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In the centre of the panel the Archangel Michael is shown upon a red horse with gold wings. Michael’s face is also red. He is clothed in golden armour, wearing a crown and blowing on a trumpet. He holds a rainbow above his head, along with a closed Gospel in his left hand. His right hand also holds a censer and a lance with which he is pinning down the devil in a watery abyss. The destruction of a city – representing Babylon, the ‘world’ (cf. Rev. 18:21) - can also be found in the water, with miniature buildings collapsing in the waves. Above the main scene in the top centre of the panel we see a youthful Christ Emmanuelle (Logos) surrounded by clouds symbolising the celestial sphere. Before him is a throne (hetoimaisia, see below) with a Gospel and a Cross. The inscription at the top of the panel reads: ‘Terrible Dreadful, Powerful Warlord of the Heavenly Tsar Chief-Commander Michael’. On the two vertical borders of the panel are saints – the scratches on the surface of the panel make their inscriptions difficult to decipher, but their vestments tell us that they are bishops.
The iconography derives from a number of sources, but the main text is Revelation 12:7-12, which describes an apocalyptic war between heaven and hell, with Michael defeating the devil and casting him into the sea:
Now war arose in heaven, Michael and his angels fighting against the dragon; and the dragon and his angels fought… And the great dragon was thrown down, that ancient serpent, who is called the Devil and Satan, the deceiver of the whole world - he was thrown down to the earth, and his angels were thrown down with him. And I heard a loud voice in heaven, saying, ‘Now the salvation and the power and the kingdom of our God and the authority of his Christ have come, for the accuser of our brethren has been thrown down, who accuses them day and night before our God… Rejoice then, O heaven and you that dwell therein! But woe to you, O earth and sea, for the devil has come down to you in great wrath, because he knows that his time is short!’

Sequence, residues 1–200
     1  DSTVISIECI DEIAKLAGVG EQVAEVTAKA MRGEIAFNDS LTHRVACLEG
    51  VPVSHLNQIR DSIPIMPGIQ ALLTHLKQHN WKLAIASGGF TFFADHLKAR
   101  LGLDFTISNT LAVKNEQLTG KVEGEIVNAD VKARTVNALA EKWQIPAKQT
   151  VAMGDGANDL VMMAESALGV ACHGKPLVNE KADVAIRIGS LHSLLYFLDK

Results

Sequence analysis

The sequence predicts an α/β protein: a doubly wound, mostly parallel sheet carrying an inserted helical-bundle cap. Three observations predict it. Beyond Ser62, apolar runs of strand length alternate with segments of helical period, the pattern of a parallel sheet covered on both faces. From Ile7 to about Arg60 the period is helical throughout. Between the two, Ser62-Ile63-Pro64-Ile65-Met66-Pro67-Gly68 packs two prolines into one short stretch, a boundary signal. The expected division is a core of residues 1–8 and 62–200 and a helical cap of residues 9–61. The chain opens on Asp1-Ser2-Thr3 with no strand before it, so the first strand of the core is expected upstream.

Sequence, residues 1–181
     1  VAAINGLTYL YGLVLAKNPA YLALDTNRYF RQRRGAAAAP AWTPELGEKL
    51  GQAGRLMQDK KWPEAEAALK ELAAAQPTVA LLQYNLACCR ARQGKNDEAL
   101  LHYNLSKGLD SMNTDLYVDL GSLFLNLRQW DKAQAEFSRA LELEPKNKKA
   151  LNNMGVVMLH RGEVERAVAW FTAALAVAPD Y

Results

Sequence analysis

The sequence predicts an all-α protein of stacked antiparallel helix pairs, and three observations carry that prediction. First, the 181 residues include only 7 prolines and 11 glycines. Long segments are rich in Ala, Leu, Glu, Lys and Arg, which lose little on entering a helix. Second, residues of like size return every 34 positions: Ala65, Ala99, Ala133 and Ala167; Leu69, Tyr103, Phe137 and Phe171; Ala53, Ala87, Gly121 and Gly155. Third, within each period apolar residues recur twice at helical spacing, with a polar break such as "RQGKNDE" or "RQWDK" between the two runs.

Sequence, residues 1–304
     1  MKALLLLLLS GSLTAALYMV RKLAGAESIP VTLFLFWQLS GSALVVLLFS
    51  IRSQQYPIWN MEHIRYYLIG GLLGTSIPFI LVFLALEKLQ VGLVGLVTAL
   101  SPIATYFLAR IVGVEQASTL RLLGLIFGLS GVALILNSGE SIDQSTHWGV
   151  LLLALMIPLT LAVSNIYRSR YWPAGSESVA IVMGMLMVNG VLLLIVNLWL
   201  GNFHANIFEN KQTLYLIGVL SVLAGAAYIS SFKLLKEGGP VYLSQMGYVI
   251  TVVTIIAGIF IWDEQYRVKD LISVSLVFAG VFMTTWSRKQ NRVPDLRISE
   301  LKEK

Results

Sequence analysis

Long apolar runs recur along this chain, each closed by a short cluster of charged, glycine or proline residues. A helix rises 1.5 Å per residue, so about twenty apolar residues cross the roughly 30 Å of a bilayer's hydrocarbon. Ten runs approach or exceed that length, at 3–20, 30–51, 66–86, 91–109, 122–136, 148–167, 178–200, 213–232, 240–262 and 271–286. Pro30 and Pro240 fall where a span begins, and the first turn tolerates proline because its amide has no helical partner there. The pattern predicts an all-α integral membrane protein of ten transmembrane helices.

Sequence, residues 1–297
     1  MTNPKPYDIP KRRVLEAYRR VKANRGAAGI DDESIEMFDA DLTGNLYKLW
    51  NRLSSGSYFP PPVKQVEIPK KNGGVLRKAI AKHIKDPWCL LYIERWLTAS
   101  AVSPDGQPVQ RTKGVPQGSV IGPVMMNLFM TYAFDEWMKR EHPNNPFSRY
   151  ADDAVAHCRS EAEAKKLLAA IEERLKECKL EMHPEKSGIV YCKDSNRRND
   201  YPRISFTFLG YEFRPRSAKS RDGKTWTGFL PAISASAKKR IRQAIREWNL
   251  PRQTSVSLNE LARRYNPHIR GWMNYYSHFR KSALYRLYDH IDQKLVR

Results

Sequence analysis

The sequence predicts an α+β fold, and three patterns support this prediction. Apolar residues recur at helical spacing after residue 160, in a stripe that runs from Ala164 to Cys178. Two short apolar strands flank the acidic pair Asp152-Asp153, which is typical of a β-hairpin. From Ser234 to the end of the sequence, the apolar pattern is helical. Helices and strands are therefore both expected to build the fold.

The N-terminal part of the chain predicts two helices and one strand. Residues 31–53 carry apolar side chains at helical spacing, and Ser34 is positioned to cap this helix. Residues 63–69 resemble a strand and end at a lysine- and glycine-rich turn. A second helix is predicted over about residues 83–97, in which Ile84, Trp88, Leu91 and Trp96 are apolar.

The throne at the top of the panel in the celestial sphere also has apocalyptic significance. It is known in Greek as the hetoimasia, or ‘prepared throne’, and represents the throne of the Last Judgement. The rainbow above the Archangel (which is also echoed above Christ) symbolises the covenant with God and refers to Revelation 10:1: ‘Then I saw another mighty angel coming down from heaven, wrapped in a cloud, with a rainbow over his head, and his face was like the sun, and his legs like pillars of fire.’ The inscription above Michael is from Hebrews 1:7 and again explains the red colour of his face, which is burning with divine fire: ‘Who makes his angels winds, and his servants flames of fire’. The inscription next to the censer can be translated as: ‘from the censer your fragrance as poured upon the whole world’ (cf. Rev. 8; 2 Cor. 2:14). In the inscription above the Gospel in Michael’s left hand we find an allusion to Rev. 14:6: ‘The Word of God came forth into the cosmos'. At the bottom of the panel beneath the destroyed city is an inscription from Psalm 9:6: ‘The enemy have vanished in everlasting ruins; their cities thou hast rooted out; the very memory of them has perished.’
The iconography is Russian in origin and first appears in the 16th century when there was growing interest in, and anticipation of, the apocalypse – and it has become a popular subject for icon-painters ever since. An early version from the 16th century carved from cypress can be seen in the State Historical Museum in Moscow (fig. a).
Stylistically, our icon can be compared to an 18th – 19th century work of the same subject from the collection of Mikhail de Buar that was painted in Vyg in Northern Russia (fig. b). It is possible that our icon was also painted in a workshop in Vyg.